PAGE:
Evoking the high of discovering some hidden treasure at a vintage store (at a more purse-friendly price than the designer’s runway collection), the line introduces “M-Archives” – the return of classic pieces drawn from Jacobs’ archive; “Trade-Marc”, a delicious smattering of specialty items including everything from stickers, iron-on patches, and key rings, to socks, caps, and baseball jerseys; and a series of collaborative collections created with friends including Stephen Jones, Juergen Teller, Sofia Coppola, graphic artist Milton Glaser, Peanuts, and brands like Liberty and Schott.
“We put up items I have consistently gone back to, like the grunge sweater, the thermal, the flared corduroy jean,” the designer explains. “We listed them on cards as ‘the item’ – so we just thought, let’s call it ‘THE Marc Jacobs’.” From The Cashmere Hoodie to The Prairie Dress, each item is thoughtfully chosen from Jacobs’ prior collections, and presented alongside tributes to treasured finds discovered in thrift stores, flea markets, and vintage shops over the years. The story for each item is written out on the tag, letting the wearer in on the history.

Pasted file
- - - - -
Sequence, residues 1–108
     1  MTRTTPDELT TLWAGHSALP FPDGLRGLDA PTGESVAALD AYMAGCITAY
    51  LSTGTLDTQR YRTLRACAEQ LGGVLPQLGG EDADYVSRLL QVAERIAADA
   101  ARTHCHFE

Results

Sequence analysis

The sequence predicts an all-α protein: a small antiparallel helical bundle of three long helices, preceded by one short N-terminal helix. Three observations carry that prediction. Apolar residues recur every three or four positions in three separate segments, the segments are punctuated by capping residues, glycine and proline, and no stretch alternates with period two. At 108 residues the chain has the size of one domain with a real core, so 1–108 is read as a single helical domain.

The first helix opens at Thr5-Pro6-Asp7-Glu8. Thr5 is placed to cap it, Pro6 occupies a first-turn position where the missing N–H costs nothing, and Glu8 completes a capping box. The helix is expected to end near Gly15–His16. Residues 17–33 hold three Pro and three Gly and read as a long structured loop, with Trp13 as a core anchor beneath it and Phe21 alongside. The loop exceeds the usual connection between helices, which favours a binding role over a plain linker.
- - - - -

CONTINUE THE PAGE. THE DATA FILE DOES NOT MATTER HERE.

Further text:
“I like something old, something new, something borrowed. A mix: high and low – when people with style don’t dress head-to-toe off a runway, they incorporate pieces that work for them into their own language and tell their own story with their clothes” – Marc Jacobs
As for the collabs, “it really began with Olympia Le-Tan bringing in a vintage Peanuts sweatshirt,” Jacobs says, referring to the famous cartoon. “It was a 60s or early 70s one, and it was worn, torn, and shredded. It had the original graphics. This was the real deal sweatshirt, and everybody was like ‘I used to have that’ or ‘I want that’ or ‘I would wear that!”
Piece by piece, THE Marc Jacobs was built as an ever-evolving celebration of moments in fashion and pop culture. A love of the label’s unmistakable birthplace finds its outlet in the New York magazine collab – which integrates Milton Glaser’s iconic cursive logo design onto hotel style slides, handbags, and nameplate jewellery. And then there’s the collaboration created with the brand’s perhaps most well-known and longstanding muse, Sofia Coppola. “She’s always been very close to me, a great, inspiring friend – and probably has the biggest collection of Marc Jacobs clothes throughout the decades, so we asked her to participate in this new line,” Jacobs explains.